More sweltering heat, wildfires, and other extreme weather and weather-related events remind us that global warming and climate change are here to stay. When I taught about global warming a decade ago, most scientists were predicting harsh events in 2030 or 2040. Yet here it is, the year 2021, and we’re already seeing the implacable face of Mother Nature, shaking her head at our naughtiness and thoughtlessness vis-a-vis her planet. She won’t be appeased by our excuse-making or our lying or our attempts to pass the buck. As we bicker, she acts.
Climate change is here to stay with a take no prisoners vibe, notes Tom Engelhardt in his latest post at TomDispatch.com. Tom’s message is clear: we’re reaping or about to reap what our “leaders” and corporate elites have sown for us, a much hotter, much less hospitable, planet. As Tom puts it, we’re about to witness, and indeed are already witnessing, a climate Armageddon in slow motion. Check out his article for all the grim details.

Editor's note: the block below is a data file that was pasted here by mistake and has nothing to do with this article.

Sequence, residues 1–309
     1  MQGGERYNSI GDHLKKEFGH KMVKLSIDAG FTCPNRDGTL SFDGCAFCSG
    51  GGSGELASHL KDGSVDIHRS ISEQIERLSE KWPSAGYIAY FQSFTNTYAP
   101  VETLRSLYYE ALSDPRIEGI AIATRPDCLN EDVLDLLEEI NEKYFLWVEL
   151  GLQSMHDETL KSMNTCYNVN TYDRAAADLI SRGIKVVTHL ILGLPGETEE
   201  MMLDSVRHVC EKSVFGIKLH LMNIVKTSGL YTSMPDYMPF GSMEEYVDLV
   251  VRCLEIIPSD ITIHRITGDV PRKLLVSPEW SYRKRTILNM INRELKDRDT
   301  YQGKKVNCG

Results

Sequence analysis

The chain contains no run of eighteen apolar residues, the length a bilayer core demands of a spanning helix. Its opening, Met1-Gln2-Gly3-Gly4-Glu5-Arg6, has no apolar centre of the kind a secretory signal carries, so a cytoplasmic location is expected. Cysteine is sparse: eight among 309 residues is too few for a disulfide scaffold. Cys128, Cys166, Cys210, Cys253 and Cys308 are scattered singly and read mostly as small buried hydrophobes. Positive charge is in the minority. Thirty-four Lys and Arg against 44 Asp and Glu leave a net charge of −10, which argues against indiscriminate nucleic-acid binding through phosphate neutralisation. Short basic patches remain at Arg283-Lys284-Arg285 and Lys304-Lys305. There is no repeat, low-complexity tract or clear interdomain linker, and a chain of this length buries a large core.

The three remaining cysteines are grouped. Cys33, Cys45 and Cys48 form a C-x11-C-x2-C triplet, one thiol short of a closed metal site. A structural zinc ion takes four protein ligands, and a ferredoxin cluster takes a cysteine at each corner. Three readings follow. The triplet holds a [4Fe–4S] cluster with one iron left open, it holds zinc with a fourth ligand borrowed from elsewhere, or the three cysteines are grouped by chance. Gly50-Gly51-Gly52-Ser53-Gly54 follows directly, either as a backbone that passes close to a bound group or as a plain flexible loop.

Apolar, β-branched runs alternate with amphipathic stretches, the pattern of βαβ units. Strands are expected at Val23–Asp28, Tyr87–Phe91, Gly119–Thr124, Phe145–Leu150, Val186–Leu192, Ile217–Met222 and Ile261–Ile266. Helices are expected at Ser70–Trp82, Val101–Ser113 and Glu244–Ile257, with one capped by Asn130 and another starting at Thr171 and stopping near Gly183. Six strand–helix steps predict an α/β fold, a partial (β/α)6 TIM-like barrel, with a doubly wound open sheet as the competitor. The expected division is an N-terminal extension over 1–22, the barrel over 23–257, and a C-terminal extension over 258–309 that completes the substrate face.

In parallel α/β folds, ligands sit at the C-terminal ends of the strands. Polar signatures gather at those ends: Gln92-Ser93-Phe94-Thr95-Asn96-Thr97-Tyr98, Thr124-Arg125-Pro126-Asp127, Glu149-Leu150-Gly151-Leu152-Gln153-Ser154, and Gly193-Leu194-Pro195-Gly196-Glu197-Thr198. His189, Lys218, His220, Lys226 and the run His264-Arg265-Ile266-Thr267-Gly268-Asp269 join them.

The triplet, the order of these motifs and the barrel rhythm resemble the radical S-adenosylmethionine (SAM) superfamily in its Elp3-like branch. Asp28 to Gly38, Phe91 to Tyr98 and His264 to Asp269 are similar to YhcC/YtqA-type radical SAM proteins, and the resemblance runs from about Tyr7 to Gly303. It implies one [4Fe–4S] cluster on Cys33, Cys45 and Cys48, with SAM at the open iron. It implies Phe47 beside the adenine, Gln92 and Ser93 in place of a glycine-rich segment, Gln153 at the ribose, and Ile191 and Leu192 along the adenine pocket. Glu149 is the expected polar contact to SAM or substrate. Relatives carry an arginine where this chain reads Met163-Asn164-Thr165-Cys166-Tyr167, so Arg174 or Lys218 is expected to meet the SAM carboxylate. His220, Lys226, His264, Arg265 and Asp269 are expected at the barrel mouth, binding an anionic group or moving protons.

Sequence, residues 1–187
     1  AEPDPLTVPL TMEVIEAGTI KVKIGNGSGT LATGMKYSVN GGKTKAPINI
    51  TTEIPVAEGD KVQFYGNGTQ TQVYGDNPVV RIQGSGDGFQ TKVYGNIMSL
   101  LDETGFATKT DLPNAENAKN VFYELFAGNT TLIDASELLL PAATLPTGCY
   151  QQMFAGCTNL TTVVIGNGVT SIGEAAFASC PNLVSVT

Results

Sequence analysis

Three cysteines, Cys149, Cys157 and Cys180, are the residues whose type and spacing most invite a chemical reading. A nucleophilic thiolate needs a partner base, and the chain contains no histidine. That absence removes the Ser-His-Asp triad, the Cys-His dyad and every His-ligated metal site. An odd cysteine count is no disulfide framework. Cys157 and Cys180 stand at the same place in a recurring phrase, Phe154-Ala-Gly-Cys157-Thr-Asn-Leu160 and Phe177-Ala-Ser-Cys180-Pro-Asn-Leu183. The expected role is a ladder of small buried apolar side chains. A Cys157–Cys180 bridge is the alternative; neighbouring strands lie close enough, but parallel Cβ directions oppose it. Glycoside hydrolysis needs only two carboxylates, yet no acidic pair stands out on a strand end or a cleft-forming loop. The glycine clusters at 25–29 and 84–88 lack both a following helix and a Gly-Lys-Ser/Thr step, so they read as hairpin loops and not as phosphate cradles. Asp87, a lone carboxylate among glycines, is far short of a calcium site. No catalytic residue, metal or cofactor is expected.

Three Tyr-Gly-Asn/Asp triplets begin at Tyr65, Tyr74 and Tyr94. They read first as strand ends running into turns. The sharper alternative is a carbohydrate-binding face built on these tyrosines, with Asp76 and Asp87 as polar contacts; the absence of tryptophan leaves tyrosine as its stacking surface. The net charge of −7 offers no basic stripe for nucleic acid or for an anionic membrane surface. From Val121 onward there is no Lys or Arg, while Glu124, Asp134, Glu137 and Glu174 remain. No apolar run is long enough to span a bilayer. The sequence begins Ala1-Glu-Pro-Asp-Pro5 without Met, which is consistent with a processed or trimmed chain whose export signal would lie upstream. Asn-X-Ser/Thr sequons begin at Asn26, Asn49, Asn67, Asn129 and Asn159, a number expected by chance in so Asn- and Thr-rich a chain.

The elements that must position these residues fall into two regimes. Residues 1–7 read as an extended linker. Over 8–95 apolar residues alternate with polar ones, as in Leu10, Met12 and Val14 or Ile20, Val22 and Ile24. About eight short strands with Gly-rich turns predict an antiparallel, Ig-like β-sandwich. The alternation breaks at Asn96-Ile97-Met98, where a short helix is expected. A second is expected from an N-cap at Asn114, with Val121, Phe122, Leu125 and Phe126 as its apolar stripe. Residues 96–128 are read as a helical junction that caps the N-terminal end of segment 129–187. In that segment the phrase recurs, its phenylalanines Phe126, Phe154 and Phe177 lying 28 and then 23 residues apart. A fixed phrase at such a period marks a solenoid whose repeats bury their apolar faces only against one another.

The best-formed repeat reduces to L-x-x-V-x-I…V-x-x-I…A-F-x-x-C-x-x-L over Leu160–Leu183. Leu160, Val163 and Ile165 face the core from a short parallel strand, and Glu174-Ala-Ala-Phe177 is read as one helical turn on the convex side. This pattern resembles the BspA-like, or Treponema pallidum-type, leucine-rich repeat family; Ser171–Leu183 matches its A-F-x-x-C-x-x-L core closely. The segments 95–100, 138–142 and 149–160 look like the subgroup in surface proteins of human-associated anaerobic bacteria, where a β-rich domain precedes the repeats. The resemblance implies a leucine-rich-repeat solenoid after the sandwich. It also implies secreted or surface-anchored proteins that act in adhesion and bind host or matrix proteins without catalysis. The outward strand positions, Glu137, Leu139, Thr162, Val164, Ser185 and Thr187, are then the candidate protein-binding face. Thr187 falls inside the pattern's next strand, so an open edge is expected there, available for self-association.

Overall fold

Here’s the thing. A half-century ago, America’s wonderful fossil-fuel companies knew all about this threat. More than 40 years ago, President Jimmy Carter tried to persuade America to conserve fuel and live thriftier, more meaningful, lives. But America rejected Carter’s hard facts for Reagan’s sunny optimism (or, put bluntly, his lies) and so here we are.
After Carter, the Democrats swiftly moved to the right and embraced those same fossil-fuel companies. Democrats may have made fun of Sarah Palin and her “drill, baby, drill” message, but that is exactly what Presidents Obama and Biden decided to do: drill, baby, drill. A recent article puts it well from The Guardian: Joe Biden has approved two thousand (!) drilling and fracking permits. Not exactly a green new deal, is it?